On this London trip my emphasis was on checking out parts of the city I hadn’t yet visited. While it’s always nice strolling around Central London and the major attractions along the Thames riverbank, there’s just so many things to do in London that even having spent a year living here, there was still a lot I had missed.
One of the major items on that checklist was the Royal Botanic Gardens, also known as the Kew Gardens, which is London’s biggest UNESCO World Heritage site. It’s located in Kew, a lush neighbourhood in South West London.
The easiest way to get there is via the Kew Gardens tube station, which is on the District line in Zones 3 & 4 of the London Underground travel map. So the 20-minute journey from Central London will run you about £3.90.
Once you get out of the station, follow the posted signs to make the short walk over to Kew Gardens’ Victoria Gate entrance. Admission is £15 at the door and £14 if you book online (£14/£13 for students), so reserving your tickets beforehand and showing them on your mobile phone is the way to go.
Kew Gardens is quite large and exploring it in full would take at least three hours, though you could easily do a tour of the grounds and see all you need to see in about two hours’ time. Upon entry I was provided with a map of the Gardens, and I loosely followed the suggested walking directions over the course of the afternoon.
My first stop was the Japanese Landscape, a small stone kaiyu shiki (stroll-around) garden in the traditional Japanese style. The central feature is the Chokushi-Mon, a temple-like structure built as a replica of the original “Gateway of the Imperial Messenger” in Kyoto, Japan.
The small and tranquil landscape is quite beautiful and provides a calming atmosphere. There’s plenty of intricate features that catch the eye, including the ornate gravel patterns and a traditional dripping water basin.
Next stop was the Treetop Walkway, located 18m above the ground in the tree canopy of a woodland glade. I’m someone who always enjoys an adventure at altitude, so I was eager to check this out. While it was nice to get a view of the Gardens from up high, and also to get up close and personal with some of the majestic trees that the walkway was built around, that wasn’t what struck me the most about being up here.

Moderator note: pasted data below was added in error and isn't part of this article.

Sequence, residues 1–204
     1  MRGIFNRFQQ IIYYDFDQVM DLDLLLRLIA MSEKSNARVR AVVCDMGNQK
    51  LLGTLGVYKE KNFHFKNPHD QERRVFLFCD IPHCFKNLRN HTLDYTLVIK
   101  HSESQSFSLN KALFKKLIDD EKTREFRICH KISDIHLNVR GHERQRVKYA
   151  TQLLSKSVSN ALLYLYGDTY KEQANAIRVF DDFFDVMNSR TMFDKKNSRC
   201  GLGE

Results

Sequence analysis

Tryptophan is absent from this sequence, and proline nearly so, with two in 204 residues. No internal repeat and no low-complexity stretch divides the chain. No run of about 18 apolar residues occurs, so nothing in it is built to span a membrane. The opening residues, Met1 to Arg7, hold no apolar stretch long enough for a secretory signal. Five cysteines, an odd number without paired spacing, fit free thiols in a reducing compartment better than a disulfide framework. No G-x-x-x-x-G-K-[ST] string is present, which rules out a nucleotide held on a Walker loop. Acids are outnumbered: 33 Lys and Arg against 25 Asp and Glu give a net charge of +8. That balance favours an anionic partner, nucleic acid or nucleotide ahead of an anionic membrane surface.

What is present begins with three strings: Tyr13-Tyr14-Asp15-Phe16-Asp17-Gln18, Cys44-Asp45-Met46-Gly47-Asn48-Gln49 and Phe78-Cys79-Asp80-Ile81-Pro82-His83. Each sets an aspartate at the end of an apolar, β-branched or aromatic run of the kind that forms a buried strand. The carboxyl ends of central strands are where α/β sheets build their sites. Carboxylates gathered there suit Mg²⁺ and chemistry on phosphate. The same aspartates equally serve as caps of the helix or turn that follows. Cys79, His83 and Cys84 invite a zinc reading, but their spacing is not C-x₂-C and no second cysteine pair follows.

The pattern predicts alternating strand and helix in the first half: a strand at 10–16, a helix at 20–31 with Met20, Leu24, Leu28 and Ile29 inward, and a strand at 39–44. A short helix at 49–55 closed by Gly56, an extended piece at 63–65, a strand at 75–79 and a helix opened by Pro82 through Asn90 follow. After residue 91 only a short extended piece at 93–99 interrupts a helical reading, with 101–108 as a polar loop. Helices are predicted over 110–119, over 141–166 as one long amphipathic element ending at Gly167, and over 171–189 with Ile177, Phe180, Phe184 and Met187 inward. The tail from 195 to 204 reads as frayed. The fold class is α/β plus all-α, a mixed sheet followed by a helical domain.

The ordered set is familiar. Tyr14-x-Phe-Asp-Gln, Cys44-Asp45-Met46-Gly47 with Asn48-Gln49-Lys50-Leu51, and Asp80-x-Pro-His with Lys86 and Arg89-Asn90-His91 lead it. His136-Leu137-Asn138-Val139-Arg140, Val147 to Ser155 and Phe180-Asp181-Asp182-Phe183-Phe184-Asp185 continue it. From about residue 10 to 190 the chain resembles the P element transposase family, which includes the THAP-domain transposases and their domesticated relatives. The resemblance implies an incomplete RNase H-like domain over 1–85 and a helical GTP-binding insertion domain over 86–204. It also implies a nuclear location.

You see, if you’re looking for total peace and quiet, it turns out Kew Gardens might not be the best place for that. That’s because we’re in South West London, and Heathrow Airport is right on the Gardens’ doorstep. As a result, every 30 seconds or so you’d hear the sounds of aircraft making its final approach into Heathrow.
I had read about the debates over expanding Heathrow Airport in past and how the noise would affect local residents, but I hadn’t experienced it for myself – it truly does get quite unbearable listening to planes flying above you over and over again. I can’t imagine having to deal with the noises every day of my life, so I do have some sympathy with those living near Heathrow in terms of their opposition against expanding the airport.
Having said that, if you’re an avid aviation geek like myself, the Treetop Walkway is a pretty amazing vantage point for planespotting. After watching an ANA 777, a Japan Airlines 777, and a Qantas A380 fly directly overhead, I decided it was time to return to the earthly pleasures of the Kew Gardens.
I decided the explore a little bit of the southwestern corner of the park, where the Kew Gardens’ Redwood Grove is located. Redwood trees planted in the 1860s continue to thrive here today, and of course it’s here that you’ll find Kew’s tallest tree, a coastal redwood specimen that stands at 39.3 meters high.
Also in this area of the park is the Cedar Vista, a long, expansive clearing that cuts across the length of the Gardens, providing an impressive view from either end, as well as a small lake in the middle of the park, which provides a pleasant and convenient resting stop as you make your way across the park.
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Kew Gardens is home to several special art exhibits per year, which range from unique sculptures dotted around the grounds to large-scale art installations that are set up for months at a time. The featured exhibit during my visit was known as The Hive, a 17-meter-tall visual and sound experience that’s designed to highlight “the extraordinary life of bees”.
It’s an immersive exhibit constructed out of 170,000 aluminum parts and 1,000 LED lights. The lights and sounds that you experience as you stand in the centre of the structure are triggered in real-time by an actual beehive elsewhere in the Gardens. How cool!
Last stop during my visit was the Princess of Wales Conservatory, where thousands of species of flora are on display. It’s the Royal Botanic Gardens after all, so no visit is complete without taking a walk through the greenhouses. The conservatory is made up of ten climate-controlled chambers, housing various types of dry tropics, wet tropics, ferns, orchids, and carnivorous plants.
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Together with the other greenhouse displays – the Palm House and Nash Conservatory (which I definitely hope to make some time for on my next visit) – Kew Gardens houses the most diverse collection of living plants of any botanic garden in the world.
Part of what enraptures me about London is the sheer amount of places of global significance that sit within its borders, and Kew Gardens is one of the prime examples. The lush and tranquil landscape is the perfect place to spend an afternoon away from the hustle and bustle of Central London, and the world-class botanic facilities adds a touch of scholarly sophistication to your visit.